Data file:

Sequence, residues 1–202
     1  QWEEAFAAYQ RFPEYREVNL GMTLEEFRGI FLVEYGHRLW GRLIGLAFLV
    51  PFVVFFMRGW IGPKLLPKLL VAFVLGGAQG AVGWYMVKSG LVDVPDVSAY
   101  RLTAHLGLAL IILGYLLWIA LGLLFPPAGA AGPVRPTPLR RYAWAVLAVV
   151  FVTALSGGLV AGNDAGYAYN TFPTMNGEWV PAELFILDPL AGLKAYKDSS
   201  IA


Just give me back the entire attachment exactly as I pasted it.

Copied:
Sequence, residues 1–202
     1  QWEEAFAAYQ RFPEYREVNL GMTLEEFRGI FLVEYGHRLW GRLIGLAFLV
    51  PFVVFFMRGW IGPKLLPKLL VAFVLGGAQG AVGWYMVKSG LVDVPDVSAY
   101  RLTAHLGLAL IILGYLLWIA LGLLFPPAGA AGPVRPTPLR RYAWAVLAVV
   151  FVTALSGGLV AGNDAGYAYN TFPTMNGEWV PAELFILDPL AGLKAYKDSS
   201  IA